More on Hunger Games
Isn't it funny how, when you start to pick at a pesky scab, it comes off and real blood flows? Today I've been thinking about Hunger Games, since I suppose some throng of ritual-murder re-enactors is going to descend on movie houses tonight.
In the previous post I mused about the dystopian society that uses a pageant of teenagers slaughtering each other as entertainment. Namely, wouldn't such a society be ripe for picking off by rival nations? (Or, wouldn't its citizens rise up with the help of some sympathetic place like, say, France?)
Today, while busting my brains teaching, another thought occurred to me. There's a huge disconnect in this imaginary society between the technology in the Capitol and the process of energy extraction in "District 12," i.e., Appalachia.
When you think about how dystopian our treatment of the Appalachian Mountains is today, with mountaintop removal mining (MTR) and hydraulic fracturing (fracking), and when you think how few jobs these so-called "industries" actually produce over the long haul, why would there even be a District 12 to begin with? A concentration of technology in the hands of a few heartless individuals would surely leave Appalachia looking like a moonscape even in the here and now. The technology on display in this novel begs the philosophical question of why mining techniques would be so primitive, allowing for a populace large enough to rebel. And fences that can be crawled under in the same world with camera implants? Why wouldn't every child be implanted with a camera? There wouldn't be as many to take the implants if the future society used MTR and fracking for its power.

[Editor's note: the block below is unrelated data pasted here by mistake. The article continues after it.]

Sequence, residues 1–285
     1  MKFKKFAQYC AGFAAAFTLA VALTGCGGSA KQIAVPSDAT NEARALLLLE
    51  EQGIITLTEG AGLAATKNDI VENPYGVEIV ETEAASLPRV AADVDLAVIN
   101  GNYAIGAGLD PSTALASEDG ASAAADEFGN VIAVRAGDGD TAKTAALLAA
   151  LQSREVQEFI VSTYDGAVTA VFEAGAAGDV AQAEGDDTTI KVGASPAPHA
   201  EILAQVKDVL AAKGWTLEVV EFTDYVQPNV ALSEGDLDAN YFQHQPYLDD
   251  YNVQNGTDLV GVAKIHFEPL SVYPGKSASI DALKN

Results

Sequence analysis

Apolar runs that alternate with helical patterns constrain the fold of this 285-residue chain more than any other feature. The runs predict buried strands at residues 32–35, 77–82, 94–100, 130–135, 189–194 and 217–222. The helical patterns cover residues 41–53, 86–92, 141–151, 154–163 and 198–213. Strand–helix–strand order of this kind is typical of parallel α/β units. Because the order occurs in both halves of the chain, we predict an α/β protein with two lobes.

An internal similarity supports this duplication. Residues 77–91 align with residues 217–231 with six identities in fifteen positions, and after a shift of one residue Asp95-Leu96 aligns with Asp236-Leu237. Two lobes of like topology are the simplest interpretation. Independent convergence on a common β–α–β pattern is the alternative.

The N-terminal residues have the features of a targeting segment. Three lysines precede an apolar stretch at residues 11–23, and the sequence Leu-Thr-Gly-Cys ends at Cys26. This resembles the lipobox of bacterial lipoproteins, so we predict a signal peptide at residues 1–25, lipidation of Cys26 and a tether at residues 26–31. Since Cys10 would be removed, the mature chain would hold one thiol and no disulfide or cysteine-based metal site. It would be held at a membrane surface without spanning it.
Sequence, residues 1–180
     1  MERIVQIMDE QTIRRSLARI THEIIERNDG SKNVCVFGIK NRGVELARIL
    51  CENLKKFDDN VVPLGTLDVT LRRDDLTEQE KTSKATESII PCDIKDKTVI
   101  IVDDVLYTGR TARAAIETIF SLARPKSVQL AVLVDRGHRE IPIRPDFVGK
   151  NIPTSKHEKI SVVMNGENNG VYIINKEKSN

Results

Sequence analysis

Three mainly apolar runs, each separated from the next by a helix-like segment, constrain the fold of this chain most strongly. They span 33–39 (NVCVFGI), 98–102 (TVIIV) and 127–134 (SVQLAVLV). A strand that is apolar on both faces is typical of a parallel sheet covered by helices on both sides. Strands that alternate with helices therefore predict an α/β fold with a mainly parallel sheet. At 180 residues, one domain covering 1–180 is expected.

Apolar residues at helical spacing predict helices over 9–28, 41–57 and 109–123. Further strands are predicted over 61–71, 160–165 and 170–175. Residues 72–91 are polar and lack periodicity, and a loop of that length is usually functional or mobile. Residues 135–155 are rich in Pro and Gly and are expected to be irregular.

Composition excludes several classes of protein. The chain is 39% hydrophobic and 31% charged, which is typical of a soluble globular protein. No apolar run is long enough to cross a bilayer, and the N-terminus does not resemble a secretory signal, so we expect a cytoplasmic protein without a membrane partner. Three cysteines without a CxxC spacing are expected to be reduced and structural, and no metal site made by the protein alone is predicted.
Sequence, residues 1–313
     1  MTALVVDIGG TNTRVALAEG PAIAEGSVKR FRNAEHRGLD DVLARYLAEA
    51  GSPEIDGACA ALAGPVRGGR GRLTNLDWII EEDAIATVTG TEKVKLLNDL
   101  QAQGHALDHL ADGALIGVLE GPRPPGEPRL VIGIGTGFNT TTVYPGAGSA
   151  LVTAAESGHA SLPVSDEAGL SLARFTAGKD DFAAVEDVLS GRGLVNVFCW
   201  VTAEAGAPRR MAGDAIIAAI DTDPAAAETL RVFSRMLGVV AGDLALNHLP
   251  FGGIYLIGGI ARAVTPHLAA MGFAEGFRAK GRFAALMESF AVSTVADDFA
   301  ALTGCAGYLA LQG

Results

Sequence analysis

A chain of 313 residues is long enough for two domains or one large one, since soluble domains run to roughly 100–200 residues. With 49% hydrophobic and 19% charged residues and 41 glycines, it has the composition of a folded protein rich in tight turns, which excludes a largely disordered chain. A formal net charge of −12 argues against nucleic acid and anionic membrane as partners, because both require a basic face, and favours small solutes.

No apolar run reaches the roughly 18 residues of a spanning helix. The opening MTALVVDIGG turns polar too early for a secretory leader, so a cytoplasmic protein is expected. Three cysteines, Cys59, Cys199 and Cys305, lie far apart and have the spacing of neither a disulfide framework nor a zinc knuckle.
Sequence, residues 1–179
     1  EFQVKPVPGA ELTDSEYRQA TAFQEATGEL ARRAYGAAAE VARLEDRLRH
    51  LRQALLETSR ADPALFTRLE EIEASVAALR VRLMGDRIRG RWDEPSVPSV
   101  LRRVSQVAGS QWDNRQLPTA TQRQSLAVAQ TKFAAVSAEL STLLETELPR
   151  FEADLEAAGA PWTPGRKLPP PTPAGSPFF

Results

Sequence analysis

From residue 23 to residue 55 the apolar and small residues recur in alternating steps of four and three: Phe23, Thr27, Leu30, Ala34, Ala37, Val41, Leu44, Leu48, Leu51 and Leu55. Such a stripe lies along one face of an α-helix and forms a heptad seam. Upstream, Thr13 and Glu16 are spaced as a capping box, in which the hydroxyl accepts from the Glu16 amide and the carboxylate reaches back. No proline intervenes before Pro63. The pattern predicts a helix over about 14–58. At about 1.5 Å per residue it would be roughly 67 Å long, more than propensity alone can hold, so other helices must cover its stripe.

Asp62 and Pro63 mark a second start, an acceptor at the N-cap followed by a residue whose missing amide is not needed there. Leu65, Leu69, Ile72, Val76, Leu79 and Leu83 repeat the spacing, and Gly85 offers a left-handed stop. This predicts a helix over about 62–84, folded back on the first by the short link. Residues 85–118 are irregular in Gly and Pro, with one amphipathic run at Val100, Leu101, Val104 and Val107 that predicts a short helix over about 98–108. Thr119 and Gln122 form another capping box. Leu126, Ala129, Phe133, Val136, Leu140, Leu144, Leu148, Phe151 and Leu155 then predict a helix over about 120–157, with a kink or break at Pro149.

Now, I betcha the AppalLit folks will pick this one up!
Imagining a dystopian future is extremely difficult. Look at that old war horse The Road Warrior. All these bad guys driving around the Australian desert in their modified vehicles. Where does the gas come from that the bad guys are using? They're trying to get someone else's, but they don't seem to need it much. Nor do they have a supply depot. Doesn't look like there's much water in that landscape either. Big leap of faith, folks. Big leap of faith.
Imagine for a moment that the world nearly came to an end, and 90 percent of the human race was wiped clean off the face of the Earth. Suddenly there would be 1,000 people in Snobville, 300,000 or less in the whole Philadelphia metropolitan area.
What do you think? Would we see cooperation, or competition? Would every person have value? More value than now?
Maybe what we really need is a cataclysm. Perhaps it would lead to a brighter future.
This post brought to you by the gal whose novel was deemed a suitable table covering for a particularly greasy fish fry. Enjoy the show!